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Economic Growth with Imperfect Protection of Intellectual Property Rights

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Author Info

  • Ryo Horii

    ()

  • Tatsuro Iwaisako

    ()

Abstract

The growth effects of intellectual property right (IPR) protection are examined in a quality-ladder model of endogenous growth. Stronger IPR protection, which reduces the probability of imitation, raises the reward for innovation. However, stronger protection reduces the number of competitive sectors, in which it is easier to innovate than in monopolistic sectors, thus concentrating researchers into fewer competitive sectors. As R&D projects take time until they are completed, concentration of R&D activity in a field raises the possibility of duplication of innovation, thereby hindering growth. In several settings, we show that imperfect, rather than perfect, protection maximizes growth.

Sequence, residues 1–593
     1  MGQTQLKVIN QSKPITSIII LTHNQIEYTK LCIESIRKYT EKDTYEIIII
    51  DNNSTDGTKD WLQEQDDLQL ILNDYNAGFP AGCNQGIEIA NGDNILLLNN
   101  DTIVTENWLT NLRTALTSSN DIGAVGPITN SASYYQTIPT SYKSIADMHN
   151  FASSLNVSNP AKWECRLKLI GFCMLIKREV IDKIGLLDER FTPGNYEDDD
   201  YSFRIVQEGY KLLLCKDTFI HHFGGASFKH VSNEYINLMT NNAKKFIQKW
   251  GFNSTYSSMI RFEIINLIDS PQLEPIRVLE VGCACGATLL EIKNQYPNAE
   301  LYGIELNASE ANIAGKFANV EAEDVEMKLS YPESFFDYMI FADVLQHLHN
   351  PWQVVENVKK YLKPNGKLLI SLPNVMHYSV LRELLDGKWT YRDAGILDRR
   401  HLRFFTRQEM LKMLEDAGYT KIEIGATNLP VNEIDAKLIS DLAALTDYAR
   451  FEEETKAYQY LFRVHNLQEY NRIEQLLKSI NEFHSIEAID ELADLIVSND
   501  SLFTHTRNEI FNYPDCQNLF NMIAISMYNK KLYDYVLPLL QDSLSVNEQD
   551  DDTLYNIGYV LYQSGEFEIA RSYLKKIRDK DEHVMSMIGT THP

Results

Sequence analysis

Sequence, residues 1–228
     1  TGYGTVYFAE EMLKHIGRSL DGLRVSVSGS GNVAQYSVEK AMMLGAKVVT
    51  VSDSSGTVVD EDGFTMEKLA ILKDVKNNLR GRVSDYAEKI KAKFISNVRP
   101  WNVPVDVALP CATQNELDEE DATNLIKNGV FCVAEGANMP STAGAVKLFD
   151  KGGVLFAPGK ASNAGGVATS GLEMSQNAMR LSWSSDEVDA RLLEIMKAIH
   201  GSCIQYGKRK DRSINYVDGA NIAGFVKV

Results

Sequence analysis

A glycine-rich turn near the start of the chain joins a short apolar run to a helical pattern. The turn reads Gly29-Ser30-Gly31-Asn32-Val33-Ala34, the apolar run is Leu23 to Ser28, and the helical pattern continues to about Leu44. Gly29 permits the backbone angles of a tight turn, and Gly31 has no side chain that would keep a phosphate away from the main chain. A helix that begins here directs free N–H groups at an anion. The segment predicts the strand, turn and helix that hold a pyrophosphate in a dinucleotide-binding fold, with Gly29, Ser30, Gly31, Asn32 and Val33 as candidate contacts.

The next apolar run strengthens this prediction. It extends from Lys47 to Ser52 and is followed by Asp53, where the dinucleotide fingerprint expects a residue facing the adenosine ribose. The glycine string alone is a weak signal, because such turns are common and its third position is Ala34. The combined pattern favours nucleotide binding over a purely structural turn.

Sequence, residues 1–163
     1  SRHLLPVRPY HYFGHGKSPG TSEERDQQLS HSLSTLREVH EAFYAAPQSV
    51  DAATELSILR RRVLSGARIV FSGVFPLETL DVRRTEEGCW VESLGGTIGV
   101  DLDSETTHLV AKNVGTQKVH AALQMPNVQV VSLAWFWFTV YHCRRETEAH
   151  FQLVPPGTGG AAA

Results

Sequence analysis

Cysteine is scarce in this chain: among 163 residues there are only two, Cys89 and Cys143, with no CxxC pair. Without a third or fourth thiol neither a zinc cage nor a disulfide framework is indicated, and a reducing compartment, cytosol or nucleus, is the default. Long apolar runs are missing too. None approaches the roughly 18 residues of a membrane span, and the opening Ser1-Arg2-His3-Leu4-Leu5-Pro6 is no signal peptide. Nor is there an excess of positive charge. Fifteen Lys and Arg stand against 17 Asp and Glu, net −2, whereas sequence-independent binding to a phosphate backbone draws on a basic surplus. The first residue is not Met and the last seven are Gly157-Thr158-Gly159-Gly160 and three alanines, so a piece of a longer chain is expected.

(This abstract was borrowed from another version of this item.)

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File URL: http://hdl.handle.net/10.1007/s00712-006-0222-6
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Bibliographic Info

Article provided by Springer in its journal Journal of Economics.

Volume (Year): 90 (2007)
Issue (Month): 1 (January)
Pages: 45-85

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Handle: RePEc:kap:jeczfn:v:90:y:2007:i:1:p:45-85

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Web page: http://www.springerlink.com/link.asp?id=108909

Related research

Keywords: intellectual property rights; endogenous growth; quality ladder; imitation; leapfrogging; duplication; O31; O34; O41;

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References

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